Writing for Full Stop, Blair Johnson attempts to pin down the place and function of silence in Ian Maleney’s Minor Monuments:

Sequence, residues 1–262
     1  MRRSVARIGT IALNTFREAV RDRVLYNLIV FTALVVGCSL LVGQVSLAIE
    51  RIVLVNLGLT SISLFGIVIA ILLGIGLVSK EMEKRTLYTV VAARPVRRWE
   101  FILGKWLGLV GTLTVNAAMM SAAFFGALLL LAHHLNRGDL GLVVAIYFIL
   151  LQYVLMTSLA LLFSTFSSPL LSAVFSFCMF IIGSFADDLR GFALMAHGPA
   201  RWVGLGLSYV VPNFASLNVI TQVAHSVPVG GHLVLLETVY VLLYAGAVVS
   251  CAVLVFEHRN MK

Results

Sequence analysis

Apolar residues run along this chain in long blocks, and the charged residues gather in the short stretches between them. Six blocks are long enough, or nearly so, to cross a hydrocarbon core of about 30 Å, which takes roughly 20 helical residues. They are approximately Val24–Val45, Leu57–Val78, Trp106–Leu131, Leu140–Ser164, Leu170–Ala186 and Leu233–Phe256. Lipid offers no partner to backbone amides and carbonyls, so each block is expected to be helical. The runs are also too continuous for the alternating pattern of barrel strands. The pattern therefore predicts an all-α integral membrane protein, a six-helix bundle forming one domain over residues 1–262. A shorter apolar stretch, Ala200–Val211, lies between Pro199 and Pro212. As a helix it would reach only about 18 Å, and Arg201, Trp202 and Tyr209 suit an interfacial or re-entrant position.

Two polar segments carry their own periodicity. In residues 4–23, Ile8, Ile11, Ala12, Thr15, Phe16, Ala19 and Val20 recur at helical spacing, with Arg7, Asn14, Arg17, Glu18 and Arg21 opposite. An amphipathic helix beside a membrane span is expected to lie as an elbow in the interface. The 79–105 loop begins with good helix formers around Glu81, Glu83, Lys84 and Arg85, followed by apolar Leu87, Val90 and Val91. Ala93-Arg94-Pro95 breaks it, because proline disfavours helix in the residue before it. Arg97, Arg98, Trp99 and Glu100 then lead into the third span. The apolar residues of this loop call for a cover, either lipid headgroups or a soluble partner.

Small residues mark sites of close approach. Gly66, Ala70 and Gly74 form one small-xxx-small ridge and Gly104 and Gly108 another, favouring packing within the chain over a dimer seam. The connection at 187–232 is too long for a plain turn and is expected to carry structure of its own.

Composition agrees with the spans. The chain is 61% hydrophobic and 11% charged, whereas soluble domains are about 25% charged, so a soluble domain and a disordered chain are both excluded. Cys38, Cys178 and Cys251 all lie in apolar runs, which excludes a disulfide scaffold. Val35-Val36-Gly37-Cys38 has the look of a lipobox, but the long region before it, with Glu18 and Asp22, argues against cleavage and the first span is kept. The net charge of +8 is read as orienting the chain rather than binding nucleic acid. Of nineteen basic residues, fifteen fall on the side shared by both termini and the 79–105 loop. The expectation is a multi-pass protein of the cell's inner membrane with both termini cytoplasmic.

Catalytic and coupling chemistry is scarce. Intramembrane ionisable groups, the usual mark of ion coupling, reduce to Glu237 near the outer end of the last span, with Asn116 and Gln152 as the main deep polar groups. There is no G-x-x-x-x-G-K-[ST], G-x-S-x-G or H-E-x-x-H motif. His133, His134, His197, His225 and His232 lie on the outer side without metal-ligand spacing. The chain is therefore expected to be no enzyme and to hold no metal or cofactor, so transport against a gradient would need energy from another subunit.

Over the course of the book Maleney traces his shift from understanding the goal of recording as its product to treating the process of recording as its own goal: lying motionless in bed, trying not to make noise; standing in the bog, his mind quieting and emptying; turning on his phone’s voice recorder while he spends time with his grandfather. Recording expands minutes into a feeling of hours. It demands hyperattention in the present. … Recording for Maleney is the fold in time that bends toward the unrecoverable past. It is to face the infidelity of recording, and more than face it, but to record the infidelity itself.